8 Food Safety Precautions You Should Know Before Visiting the Farmers Market

Farmers markets are great for fresh produce, local flowers and a Saturday morning stroll—but are they sanitary? Here are a few things you should know about farmers market food safety.

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Sale of organic loaves at outdoor farmers market
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Pay Attention to Vendor Cleanliness

Farmers Markets are not regulated by the FDA, so it’s up to individual farmers market coalitions and the vendors themselves to practice proper food safety. Before you buy, observe how the vendor is managing their booth. Does the booth have an overall look of cleanliness and order? Is the food handler using gloves and changing them at appropriate times, like after handling money? Also, look for the use of other sanitary supplies like deli paper, tongs and bags for purchased goods. By the way, these are the things every farmers market vendor wants you to know.

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Goat and Sheep Cheese Display at the Farmer's Market; Shutterstock ID 1407689732; Job (TFH, TOH, RD, BNB, CWM, CM): TOH Farmers Market Food Safety
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Avoid Raw Milk and Soft Cheese

Drawn to a tasty-looking dairy booth? Be careful. Unless you can confirm it’s been pasteurized, don’t buy raw milk or soft cheese at the farmers market. These products can carry dangerous bacteria such as salmonella, E. coli and listeria. (Food poisoning experts always avoid these things, too.)

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Gray cardboard cartons of brown, green and white chicken eggs for sale at a farmer's market.

Eggs Should Be Chilled

There’s a big difference in flavor when it comes to farm-fresh eggs versus store-bought. So don’t be afraid to purchase eggs at the farmers market; just make sure the vendor has them properly chilled. According to the FDA, eggs with untreated shells must be stored and displayed at 45°F. This is why Europeans don’t have to refrigerate their eggs.

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Most Famous daily market for regional products in french department Charente-Maritime in touristic old town of Meschers sur Gironde, France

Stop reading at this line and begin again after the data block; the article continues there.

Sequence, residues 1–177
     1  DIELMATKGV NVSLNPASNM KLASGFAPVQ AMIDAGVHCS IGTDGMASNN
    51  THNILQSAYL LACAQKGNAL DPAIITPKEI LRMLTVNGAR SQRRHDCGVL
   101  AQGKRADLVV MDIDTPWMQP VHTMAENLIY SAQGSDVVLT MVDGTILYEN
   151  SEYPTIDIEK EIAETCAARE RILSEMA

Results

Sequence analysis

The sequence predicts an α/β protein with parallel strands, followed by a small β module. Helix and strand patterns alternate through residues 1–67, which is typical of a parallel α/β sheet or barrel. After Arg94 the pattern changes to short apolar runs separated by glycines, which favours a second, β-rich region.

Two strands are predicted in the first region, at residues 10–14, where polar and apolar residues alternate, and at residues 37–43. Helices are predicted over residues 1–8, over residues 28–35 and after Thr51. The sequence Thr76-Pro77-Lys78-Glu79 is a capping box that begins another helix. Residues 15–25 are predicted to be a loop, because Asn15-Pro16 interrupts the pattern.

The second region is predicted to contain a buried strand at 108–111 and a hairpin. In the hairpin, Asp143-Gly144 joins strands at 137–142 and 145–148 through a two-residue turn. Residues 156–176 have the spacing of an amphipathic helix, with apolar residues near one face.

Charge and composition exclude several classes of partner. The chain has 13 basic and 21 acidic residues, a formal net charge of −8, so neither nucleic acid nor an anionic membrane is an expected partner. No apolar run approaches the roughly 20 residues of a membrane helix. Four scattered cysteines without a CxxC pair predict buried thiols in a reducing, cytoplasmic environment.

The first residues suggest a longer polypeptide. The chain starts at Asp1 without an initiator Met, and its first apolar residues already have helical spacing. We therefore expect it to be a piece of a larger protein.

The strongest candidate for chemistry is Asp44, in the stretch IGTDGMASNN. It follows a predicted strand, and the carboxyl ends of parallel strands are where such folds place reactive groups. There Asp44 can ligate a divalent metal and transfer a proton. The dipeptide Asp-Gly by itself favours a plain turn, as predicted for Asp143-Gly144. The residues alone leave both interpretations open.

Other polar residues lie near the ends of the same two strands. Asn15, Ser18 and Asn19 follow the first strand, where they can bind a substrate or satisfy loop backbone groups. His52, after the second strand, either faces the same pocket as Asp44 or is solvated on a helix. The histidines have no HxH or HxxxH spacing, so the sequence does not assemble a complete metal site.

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Practice Caution with Meat

It’s especially important to be careful when purchasing meat. Raw meat can carry foodborne pathogens that cause illness. Be sure the vendor is keeping their meat products properly chilled with ice chests and coolers. Food handlers should also be keeping meat separate from other produce or ready-to-eat products to avoid cross-contamination.

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Woman hands washing tasty apple under the tap
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Wash Produce at Home

Although farmers market produce is fresher than supermarket produce—and probably grown with fewer pesticides—it still needs to be washed before eating. Wash your hands with warm water and soap. Then rinse fruits and vegetables under running water before eating, cutting or cooking. This is true even if you’re going to discard the skin like with a watermelon or cucumber. Any bacteria on the outside of the fruits and vegetables can be transferred to the inside when you cut or peel them. Here’s how to wash your veggies the right way.

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Young woman measuring temperature of whole roasted turkey with meat thermometer
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Cook Meat to the Right Temperature

On the off chance that the meat you bring home from the farmers market does contain bacteria, you can kill it by cooking the meat thoroughly. A meat thermometer is an affordable kitchen gadget that will ensure you’re always preparing and consuming meat safely. Steak, pork and other whole cuts of meat should be cooked to 145°F. Chicken should be cooked to 165°F. Learn all about food-safe cooking temperatures here.

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Millennial young woman buying fresh vegetables at farmer's market

Shop Smart

A few simple farmers market shopping habits can help you avoid some food safety problems. Bring an insulated shopping bag to store items that need to be kept cold, and pick up those items toward the end of your shopping trip. Bring a separate bag for raw meat so it doesn’t contaminate any of your other purchases. (Make sure to wash your reusable bags regularly!)

And during the summer, it’s especially important to go straight home after you’re done shopping to avoid food spoiling in a hot car.

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Man cooking grilled steak on the home kitchen.

Don’t Wash Meat

To be extra safe with your farmers market food you should just wash everything, right? Wrong. Never wash raw meat or poultry. Washing these items can actually make bacteria spread throughout your kitchen. As you’re rinsing a chicken breast, for example, the juices can splash onto your sink and counter tops and contaminate your food prep area.

Erica Young
Erica is a cleaning and home décor expert. She knows exactly how to tidy a filthy kitchen and straighten out a mixed-up pantry! When she's not writing you'll find her organizing a closet, buying more bins she doesn't need or bingeing her latest TV show obsession.